The National Anti-Corruption Commission (NACC) will set up its own armed witness protection unit because it does not trust security personnel from other agencies.
The NACC currently uses officers from the Crime Suppression Division and local police to guard witnesses.
But some witnesses have been forced to hand-pick guards whom they know personally and can trust, NACC member Vicha Mahakhun said.
He cited the case of Jintana Kaewkhao, an opponent of power plant projects in Prachuap Khiri Khan province, who is being protected by police from different units. She does not trust police officers from the province as she fears they may side with the plant operators.
Mr Vicha said the NACC's witness protection team will be part of the agency's special operations unit.
The NACC will recruit its witness protection officers from university graduates. New recruits will be trained in strategic operations and the use of weapons. The new unit will be ready in a year, he said.
Currently the NACC has about 10 witnesses who need protection, but members of the anti-corruption agency are not authorised to carry guns.
Even Mr Vicha himself said he feels insecure. He said that after the NACC issued its ruling on the Oct 7, 2008 crackdown on yellow-shirt protests _ which involved high-ranking police officers and national politicians _ assailants attacked his home with a grenade and he had to move into a condominium.
Mr Vicha said that the NACC has more than 9,000 pending cases.
He is hopeful that the commission will be able to wrap up some of its high profile cases before the new year _ including an investigation into a computer procurement project by the Public Health Ministry.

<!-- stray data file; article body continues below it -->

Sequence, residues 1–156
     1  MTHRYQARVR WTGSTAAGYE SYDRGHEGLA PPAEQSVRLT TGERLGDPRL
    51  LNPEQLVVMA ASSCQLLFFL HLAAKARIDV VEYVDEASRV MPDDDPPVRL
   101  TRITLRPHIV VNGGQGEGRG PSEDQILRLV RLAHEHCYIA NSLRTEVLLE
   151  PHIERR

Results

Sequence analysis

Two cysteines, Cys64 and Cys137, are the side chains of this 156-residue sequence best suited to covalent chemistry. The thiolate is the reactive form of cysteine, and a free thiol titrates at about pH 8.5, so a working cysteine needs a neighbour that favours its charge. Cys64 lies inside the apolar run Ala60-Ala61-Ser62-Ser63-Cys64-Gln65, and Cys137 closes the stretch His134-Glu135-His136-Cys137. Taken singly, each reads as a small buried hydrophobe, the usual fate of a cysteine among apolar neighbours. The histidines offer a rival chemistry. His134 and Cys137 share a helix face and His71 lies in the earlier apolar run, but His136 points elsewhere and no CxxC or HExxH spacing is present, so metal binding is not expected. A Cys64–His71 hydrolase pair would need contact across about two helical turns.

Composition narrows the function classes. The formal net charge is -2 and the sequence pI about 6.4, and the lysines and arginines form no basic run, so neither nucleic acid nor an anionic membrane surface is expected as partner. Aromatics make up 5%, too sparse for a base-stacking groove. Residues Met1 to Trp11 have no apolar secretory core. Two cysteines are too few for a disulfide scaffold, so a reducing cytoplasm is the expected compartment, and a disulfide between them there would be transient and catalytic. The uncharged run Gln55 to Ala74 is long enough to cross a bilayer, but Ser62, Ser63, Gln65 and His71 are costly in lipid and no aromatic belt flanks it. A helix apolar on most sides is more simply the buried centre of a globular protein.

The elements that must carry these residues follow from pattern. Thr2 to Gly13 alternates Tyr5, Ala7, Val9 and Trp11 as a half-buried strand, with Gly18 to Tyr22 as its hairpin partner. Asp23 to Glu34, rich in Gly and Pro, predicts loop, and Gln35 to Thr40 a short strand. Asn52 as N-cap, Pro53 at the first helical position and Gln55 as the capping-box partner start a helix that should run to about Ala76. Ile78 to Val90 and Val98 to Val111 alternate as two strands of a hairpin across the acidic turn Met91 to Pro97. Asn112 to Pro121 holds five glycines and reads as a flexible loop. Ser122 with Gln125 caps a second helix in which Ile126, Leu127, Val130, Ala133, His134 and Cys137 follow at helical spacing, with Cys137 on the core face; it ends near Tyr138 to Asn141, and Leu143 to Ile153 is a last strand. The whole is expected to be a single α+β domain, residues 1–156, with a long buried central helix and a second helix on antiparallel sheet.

The NACC has already formed a committee to investigate the 3G network licence auction to find out if any collusion took place between the three mobile phone operators who submitted successful bids, and if the auction results were endorsed too quickly.
Mr Vicha said the NACC has received many complaints about the government's rice pledging scheme.
Most complaints involve allegations of fraudulent registration of pledged rice.
The latest complaint came from Senator Mahannop Detwitak, who said that the scheme has obstructed market mechanisms and created an unfair monopoly.
Mr Vicha said that investigations into rice pledging will be the most challenging issue for the NACC due to its scale.
The NACC member explained that the amended law on corruption prevention and suppression that took effect in April last year greatly enhances the graft-busting agency's effectiveness, especially in cases involving corrupt politicians.
The amended version of the law lifted the statute of limitations that could protect politicians who have committed criminal acts.
The NACC is petitioning the Supreme Court to allow the amended law to take retroactive effect on past cases involving corrupt politicians, he added.
The amended law also allows the NACC to allow individuals involved in corrupt acts to work with the agency as informants.
There are about 10 such witnesses who will not be prosecuted and are entitled to special protection, Mr Vicha added.
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- Writer: Manop Thip-Osod